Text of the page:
The number of profit warnings issued by listed companies in the South East remained steady in the first quarter of 2019, according to EY’s latest Profit Warnings Report.
Sixteen warnings were recorded by quoted businesses based in the region in Q4 2018 and again in Q1 2019. When comparing year-on-year, the number of profit warnings fell by 16% on Q1 2018, when 19 were issued.
The South East saw 16 warnings spread across 11 sectors, including: construction & materials; electronic & electrical equipment; household goods & home construction; industrial transportation; and general retailers.
In contrast to the regional picture, profit warnings across the UK increased year-on-year in Q1 2019 to 89 – 22% higher than the same quarter in 2018 (73) and the highest number issued in the first quarter since the global financial crisis a decade ago.
Neil Hutt, partner in EY’s transaction advisory team in the South East, commented: “Protracted uncertainty is taking its toll. The ‘no deal Brexit’ countdown was especially disruptive for businesses exposed to blows to consumer, corporate and investor confidence – as well as those reliant on cross-border EU supply chains and regulation.
“However, it is hard to split out Brexit stresses from mounting global trade and growth concerns, including the recent weakening of the global economic outlook, and rising concerns over US-China trade relations.”
The UK FTSE sectors issuing the most profit warnings in Q1 2019 were retailers (12), financial services (10) and travel & leisure (8).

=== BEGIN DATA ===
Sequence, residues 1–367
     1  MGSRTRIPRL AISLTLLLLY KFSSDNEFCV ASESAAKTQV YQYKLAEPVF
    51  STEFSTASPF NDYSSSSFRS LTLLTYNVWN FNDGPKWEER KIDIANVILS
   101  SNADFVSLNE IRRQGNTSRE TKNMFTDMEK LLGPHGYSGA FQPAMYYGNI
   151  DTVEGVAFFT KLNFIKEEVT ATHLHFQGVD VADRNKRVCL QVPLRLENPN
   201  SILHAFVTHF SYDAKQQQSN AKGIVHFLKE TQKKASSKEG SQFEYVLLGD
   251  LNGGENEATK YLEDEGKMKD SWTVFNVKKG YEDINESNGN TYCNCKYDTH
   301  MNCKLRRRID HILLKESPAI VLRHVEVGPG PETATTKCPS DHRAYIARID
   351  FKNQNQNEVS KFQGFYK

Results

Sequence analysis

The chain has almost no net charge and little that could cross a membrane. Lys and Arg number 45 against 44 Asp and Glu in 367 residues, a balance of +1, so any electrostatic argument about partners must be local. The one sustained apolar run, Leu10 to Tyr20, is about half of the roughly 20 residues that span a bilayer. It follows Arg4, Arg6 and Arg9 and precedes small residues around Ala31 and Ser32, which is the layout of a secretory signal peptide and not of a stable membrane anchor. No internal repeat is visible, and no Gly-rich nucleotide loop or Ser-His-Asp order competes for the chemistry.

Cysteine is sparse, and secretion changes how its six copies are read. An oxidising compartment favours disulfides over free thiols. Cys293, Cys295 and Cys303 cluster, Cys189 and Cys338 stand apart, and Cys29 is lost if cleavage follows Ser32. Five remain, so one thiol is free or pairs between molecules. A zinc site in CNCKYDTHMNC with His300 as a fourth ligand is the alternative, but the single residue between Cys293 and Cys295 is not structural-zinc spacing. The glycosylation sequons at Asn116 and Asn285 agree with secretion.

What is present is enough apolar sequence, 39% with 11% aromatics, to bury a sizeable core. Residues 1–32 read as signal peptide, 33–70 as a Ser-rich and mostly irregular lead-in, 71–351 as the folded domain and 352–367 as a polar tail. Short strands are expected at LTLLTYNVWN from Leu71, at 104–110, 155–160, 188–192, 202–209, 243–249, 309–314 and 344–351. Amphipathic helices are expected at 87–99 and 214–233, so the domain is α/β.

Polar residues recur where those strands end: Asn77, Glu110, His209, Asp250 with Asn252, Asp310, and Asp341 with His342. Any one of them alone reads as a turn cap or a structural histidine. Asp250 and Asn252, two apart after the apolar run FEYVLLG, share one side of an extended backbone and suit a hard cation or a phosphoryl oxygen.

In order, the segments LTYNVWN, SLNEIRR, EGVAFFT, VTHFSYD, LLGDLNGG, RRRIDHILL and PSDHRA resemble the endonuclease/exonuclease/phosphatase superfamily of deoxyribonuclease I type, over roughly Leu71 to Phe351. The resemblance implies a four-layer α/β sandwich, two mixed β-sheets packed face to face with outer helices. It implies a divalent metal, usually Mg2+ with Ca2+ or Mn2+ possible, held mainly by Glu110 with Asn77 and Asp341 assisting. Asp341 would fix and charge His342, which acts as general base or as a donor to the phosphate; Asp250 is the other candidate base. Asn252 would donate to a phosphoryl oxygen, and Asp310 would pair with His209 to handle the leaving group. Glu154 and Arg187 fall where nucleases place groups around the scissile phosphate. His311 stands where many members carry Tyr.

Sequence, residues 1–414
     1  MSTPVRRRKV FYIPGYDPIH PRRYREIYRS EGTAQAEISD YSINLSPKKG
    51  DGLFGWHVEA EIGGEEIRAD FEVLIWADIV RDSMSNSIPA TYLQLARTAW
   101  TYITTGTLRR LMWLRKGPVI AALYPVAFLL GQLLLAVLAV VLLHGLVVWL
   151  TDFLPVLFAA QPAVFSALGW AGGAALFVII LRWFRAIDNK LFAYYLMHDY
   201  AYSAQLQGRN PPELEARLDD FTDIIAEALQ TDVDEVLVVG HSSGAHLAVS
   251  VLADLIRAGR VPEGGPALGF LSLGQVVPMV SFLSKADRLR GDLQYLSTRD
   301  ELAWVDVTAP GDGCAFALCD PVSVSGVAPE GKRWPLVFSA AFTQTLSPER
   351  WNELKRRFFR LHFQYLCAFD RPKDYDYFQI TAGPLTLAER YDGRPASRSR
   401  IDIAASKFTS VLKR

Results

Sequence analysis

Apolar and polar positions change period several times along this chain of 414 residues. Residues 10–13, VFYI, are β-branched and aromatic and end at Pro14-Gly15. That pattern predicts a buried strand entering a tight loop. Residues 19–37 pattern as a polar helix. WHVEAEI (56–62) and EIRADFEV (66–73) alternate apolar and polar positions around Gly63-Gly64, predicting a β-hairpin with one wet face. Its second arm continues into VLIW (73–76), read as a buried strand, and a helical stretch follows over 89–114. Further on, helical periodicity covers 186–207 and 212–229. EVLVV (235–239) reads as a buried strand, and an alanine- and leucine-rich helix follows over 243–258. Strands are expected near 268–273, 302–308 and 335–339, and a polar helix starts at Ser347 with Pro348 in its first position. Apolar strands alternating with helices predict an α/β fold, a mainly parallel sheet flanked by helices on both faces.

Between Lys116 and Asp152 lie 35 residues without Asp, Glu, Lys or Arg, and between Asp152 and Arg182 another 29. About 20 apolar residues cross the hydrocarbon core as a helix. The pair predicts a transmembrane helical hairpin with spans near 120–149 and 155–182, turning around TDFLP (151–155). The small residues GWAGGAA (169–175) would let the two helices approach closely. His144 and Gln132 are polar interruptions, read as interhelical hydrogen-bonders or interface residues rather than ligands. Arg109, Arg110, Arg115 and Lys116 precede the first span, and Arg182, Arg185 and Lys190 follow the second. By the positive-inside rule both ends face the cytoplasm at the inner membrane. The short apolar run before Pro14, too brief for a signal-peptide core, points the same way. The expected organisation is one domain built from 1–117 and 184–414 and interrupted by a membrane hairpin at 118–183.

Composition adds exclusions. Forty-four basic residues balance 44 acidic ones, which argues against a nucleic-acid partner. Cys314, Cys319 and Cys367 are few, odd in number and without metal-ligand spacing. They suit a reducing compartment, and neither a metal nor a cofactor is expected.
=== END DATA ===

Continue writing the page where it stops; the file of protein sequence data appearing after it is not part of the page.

According to EY’s report, FTSE retailers issued 12 profit warnings in Q1 2019, one fewer than Q1 2018. Retail sales remain volatile, but surprisingly rose at the start of the year, with consumers bolstered by wage rises that continue to outstrip inflation and low employment.
Neil Hutt explained: “Improving disposable incomes and sector restructuring may provide some breathing space, but retailers can find their core markets turning sour incredibly quickly. Online growth and development is relentless, requiring continuous investment when margins are tight, and consumers are still reluctant to pay full-price.”
The report also found that the number and percentage of profit warnings citing Brexit has risen throughout the last year, from no-related warnings in Q1 2018, to nine – or 10% of profit warnings – in Q1 2019, and 12% in the period to 10 April.
So far in 2019, the most frequently cited reasons for making a profit warning were: falling sales, contract issues, and increasing costs & overheads.
Hutt concluded: “Our business community in the South East is certainly feeling the effects of these national and international pressures at a local level. Businesses are playing catch-up in an era of unprecedented structural change, when great investment is required just to keep up.
“Balance sheet restructuring has brought some breathing space in troubled sectors like retail, but unless companies can invest to adjust to new sector dynamics, they’ll hit the buffers again.”